She didn't answer; she just sat there staring at him with that recalcitrant look on her face.
'You would have also received the invitation to a breakfast meeting this morning which apparently you decided against attending,' he continued.
She sat up even straighter in her chair. 'It wasn't compulsory.'
Eamon pushed his tongue into his right cheek as he fought to keep cool. Something about her reminded him of a defiant schoolgirl with little or no respect for authority. 'No,' he said. 'But it would have been polite to inform me you were unable to attend. As you can imagine, this position is a busy and highly demanding one. I would appreciate every member of the team I am directing to be one-hundred-percent committed from day one of my appointment. That includes you, Dr Taylor.'
Erin raised her chin. 'I worked a ten-hour shift yesterday and a twelve-hour the day before,' she said stiffly. 'I give one hundred and twenty percent to this place.'
'All the more reason for you to be aware of my plans to improve the department,' he said with equal tension.
Erin felt like rolling her eyes. How many times had some bureaucrat come in with a hot-shot plan to revamp the place? It didn't matter what fancy plans Dr Chapman had drawn up; within a few months it would be back to double shifts, patients lying in the corridors and ambulances lined up in the street due to the lack of beds. 'OK, then,' she said, giving him a cynical look. 'Why don't you fill me in now so I'm all up to date?'
He pushed himself away from the filing cabinet and picked up a document from his desk. 'It's all in here,' he said, handing it to her. 'Perhaps you'll do me the honour of reading it at your leisure and getting back to me with any questions or suggestions.'
Erin took the document but in the process of doing so encountered his long, tanned fingers for a fraction of a second. It felt like a lightning bolt had zapped up her arm at the brief contact. She tried her best to cover her reaction by casually flipping through the twenty-page document, but the words, although neatly typed, made no sense at all to her. It was as if her brain had shut down. Her body felt hot and tight, as if her skin had shrunk two sizes on her frame. She could feel her face heating under his silent scrutiny, and she shifted uncomfortably in her chair. The air she breathed in contained a hint of his aftershave; it was lemony and fresh, not cloying or overpowering like some she had smelt.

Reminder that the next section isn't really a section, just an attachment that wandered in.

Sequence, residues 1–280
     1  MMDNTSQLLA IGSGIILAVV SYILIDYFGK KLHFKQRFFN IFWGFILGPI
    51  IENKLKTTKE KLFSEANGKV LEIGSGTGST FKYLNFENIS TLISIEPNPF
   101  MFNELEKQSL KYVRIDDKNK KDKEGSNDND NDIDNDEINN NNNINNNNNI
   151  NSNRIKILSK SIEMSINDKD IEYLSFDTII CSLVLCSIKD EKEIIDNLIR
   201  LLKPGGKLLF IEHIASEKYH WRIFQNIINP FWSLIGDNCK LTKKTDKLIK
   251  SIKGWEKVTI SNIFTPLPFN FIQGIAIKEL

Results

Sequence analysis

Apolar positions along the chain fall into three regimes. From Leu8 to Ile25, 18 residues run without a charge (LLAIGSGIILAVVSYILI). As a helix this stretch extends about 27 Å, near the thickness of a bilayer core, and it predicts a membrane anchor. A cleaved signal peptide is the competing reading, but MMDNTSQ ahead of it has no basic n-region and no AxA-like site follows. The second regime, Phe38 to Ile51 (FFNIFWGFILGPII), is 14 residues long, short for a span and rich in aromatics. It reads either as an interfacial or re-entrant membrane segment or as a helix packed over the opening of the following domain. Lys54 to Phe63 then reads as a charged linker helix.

She heard him shuffle through some papers on his desk and looked up to encounter his emerald gaze trained on her. 'There is another matter I wish to discuss with you,' he said. 'I understand a patient died in A&E yesterday.'
Erin hardly realised she had moved but she suddenly found herself sitting on the edge of her chair. 'Yes, that's correct,' she said. 'He'd virtually bled out by the time he arrived here--he was in grade-four shock and went into asystole. I did his resus by the book.'
'I'm sure you did, Dr Taylor,' he said. 'But a formal complaint has been made by a relative, and as director I am responsible for seeing that it is investigated thoroughly.'
Erin felt her spine give a nervous wobble that travelled all the way down her legs. 'That resus was textbook EMST, Dr Chapman. I've documented the whole episode, and you can watch it on the CCTV as well,' she said, forcing her voice to remain composed and confident.